Tommy Ward of 13 Mile Seafood once employed about 50 people in his family’s business, which harvested oysters, shrimp and fish from Apalachicola Bay and the Gulf of Mexico as early as the 1950’s. “It’s a shame to see what’s happening to this estuary,” said Tommy, whose business has suffered because of the oyster collapse.
Shannon Hartsfield has been a commercial fisherman most of his life like his father, grandfather and great-grandfather. He quit oystering in 2013 following the bay’s decline. Shannon still smiles when he talks about boat trips from Eastpoint upstream to the Woodruff Dam. “Growing up, we used to work the bay, enjoy the bay, go up the river on weekends to Lake Seminole with a group of five or six oyster boats.” Now he advocates to protect the bay: “You’ve got to respect what you have.”
The Apalachicola watershed deserves long-term protection and restoration. The people who love and understand this astounding ecosystem will continue to give voice to its ecological needs. As we bear witness to the natural flow of the river to the ocean, we understand that the mighty Apalachicola River is a remarkable waterway carrying life-giving nutrients to the Apalachicola Bay.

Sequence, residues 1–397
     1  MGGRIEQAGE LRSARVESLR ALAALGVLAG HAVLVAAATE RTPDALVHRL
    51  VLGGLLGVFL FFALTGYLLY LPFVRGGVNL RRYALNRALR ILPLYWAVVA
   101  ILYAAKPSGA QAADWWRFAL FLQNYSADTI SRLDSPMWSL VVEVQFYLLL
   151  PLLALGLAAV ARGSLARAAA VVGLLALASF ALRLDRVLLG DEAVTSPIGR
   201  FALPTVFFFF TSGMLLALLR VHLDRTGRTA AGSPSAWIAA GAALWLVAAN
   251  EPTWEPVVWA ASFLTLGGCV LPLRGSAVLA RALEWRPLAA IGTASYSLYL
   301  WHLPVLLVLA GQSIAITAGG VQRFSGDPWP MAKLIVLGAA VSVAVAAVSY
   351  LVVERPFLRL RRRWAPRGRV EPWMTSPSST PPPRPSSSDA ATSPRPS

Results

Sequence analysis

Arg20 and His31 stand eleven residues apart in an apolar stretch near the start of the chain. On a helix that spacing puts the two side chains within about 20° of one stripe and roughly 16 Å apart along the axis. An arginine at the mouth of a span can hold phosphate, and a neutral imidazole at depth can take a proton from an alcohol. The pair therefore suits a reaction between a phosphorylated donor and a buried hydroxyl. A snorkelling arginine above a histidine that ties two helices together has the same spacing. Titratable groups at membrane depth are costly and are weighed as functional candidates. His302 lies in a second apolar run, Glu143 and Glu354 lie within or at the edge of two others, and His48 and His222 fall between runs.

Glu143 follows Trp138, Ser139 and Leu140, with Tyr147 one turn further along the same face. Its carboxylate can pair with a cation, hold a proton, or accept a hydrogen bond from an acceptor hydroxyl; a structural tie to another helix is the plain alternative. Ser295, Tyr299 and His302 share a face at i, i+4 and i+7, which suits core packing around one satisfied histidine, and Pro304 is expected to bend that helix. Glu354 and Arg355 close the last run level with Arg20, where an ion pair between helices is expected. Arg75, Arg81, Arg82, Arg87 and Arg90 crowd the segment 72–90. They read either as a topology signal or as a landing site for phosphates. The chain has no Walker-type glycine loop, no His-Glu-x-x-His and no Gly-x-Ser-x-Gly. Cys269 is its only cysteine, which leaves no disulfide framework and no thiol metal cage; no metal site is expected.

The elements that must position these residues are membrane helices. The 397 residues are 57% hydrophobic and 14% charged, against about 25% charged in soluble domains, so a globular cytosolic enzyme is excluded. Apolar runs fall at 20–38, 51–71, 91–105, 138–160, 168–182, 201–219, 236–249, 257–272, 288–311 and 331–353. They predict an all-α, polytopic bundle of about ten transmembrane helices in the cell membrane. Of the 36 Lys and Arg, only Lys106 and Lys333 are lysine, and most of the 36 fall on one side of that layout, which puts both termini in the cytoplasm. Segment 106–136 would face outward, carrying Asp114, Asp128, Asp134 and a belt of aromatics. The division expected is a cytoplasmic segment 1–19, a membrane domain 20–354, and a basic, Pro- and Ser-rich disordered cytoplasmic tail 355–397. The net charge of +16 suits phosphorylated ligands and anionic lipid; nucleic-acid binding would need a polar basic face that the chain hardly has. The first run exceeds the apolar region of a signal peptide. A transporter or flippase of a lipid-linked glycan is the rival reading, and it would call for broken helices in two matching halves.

Connecting with the natural world fosters the protection of wild places. People will protect what they love and understand.
I was one of those lucky kids that grew up on the same street as my grandparents and cousins. I ran wild much of the summer under the loose, seasoned supervision of my maternal grandmother. Grandma Gregory’s childcare motto was, “you kids get outside and play.” Indeed, we did. We rode bikes until tires flattened, climbed trees to build forts of scrap wood and wandered acres of thick woods digging for earthworms, frogs and snakes.
As a mother decades later, the wisdom of outdoor play nourished my own children’s curiosity and consideration for the natural world. They understand that our environment is not separate from us.
Georgia Ackerman is Riverkeeper at Apalachicola Riverkeeper. Her favorite past times are kayaking, bike riding and camping with her family and friends. More information about Apalachicola Riverkeeper can be found at www.apalachicolarivekeeper.org
Thank you to the Society of Environmental Journalists for contributing support to The Marjorie’s Dispatches from a Sinking State series.
Credits: Photos courtesy Georgia Ackerman, E. P. Churchill & Earth Science and Remote Sensing Unit, NASA Johnson Space Center